Hong Kong (CNN) – When the highly infectious delta variant of the novel coronavirus took hold in China last month, Zhang Wenhong, a respected infectious disease expert in Shanghai, told a concerned Chinese public to prepare to live with the virus for the long haul. term. But his frankness came at a price.
For more than a year, China had largely kept the virus at bay by sealing its borders and quickly controlling local outbreaks with zero tolerance for infections. But despite the strict measures, a dozen cases of the delta variant were detected among cleaning personnel at one of the busiest airports in the country. The variant soon spread to more than half of China’s 31 provinces, resulting in more than 1,000 infections in less than three weeks.
The rapid spread of delta coincided with efforts to increase vaccines. To date, 1.9 billion doses of household vaccines have been administered in China, according to the National Health Commission (NHC).
Writing on the Chinese social media site Weibo, Zhang said that it might not be possible for existing vaccines to completely eradicate COVID-19, and that transmissions could still occur after everyone is fully vaccinated, albeit at a lower rate. and causing fewer deaths.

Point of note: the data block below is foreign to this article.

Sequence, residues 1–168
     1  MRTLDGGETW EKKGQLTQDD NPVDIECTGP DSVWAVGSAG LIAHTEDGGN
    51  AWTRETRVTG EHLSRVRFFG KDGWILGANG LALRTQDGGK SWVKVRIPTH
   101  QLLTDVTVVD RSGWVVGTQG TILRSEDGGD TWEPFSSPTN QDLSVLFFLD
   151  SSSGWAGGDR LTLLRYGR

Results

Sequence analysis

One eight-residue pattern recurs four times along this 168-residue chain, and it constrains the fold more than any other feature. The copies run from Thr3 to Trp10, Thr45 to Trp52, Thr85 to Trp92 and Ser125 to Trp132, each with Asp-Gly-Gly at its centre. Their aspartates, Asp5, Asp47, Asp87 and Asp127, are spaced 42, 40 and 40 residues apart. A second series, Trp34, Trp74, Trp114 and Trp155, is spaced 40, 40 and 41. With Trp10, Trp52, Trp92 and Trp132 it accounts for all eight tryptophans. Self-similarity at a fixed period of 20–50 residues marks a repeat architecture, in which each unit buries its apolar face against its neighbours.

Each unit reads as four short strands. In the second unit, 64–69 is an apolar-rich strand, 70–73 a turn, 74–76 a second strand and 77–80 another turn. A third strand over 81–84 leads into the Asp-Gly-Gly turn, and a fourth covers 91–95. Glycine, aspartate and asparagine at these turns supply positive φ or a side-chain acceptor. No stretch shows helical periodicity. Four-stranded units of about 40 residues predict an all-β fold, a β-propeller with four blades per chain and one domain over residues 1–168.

“What we’ve been through is not the hardest part. What is hardest is finding the wisdom to coexist with the virus in the long term,” wrote Zhang, who has been repeatedly compared to American epidemiologist Anthony Fauci for being a widely vocal voice. reliable about the pandemic.
Learning to live with the virus is not a scandalous proposition. Most scientists believe that covid-19 is likely here to stay, and an increasing number of countries with high vaccination rates, such as Great Britain and Singapore, are opting for a coexistence strategy, hoping that it eventually becomes a less dangerous endemic disease, like the flu.
But in China, Zhang’s comments sparked a flurry of attacks online, with naysayers accusing him of refuting the country’s much-hyped covid-zero strategy.
Some enraged nationalists called him a “traitor” who “blindly worshiped Western ideas.” Others alleged that he was in collusion with foreign forces to sabotage China’s response to COVID-19. Others sought to undermine his academic credentials, unearthing his doctoral thesis published two decades ago and accusing him of plagiarism.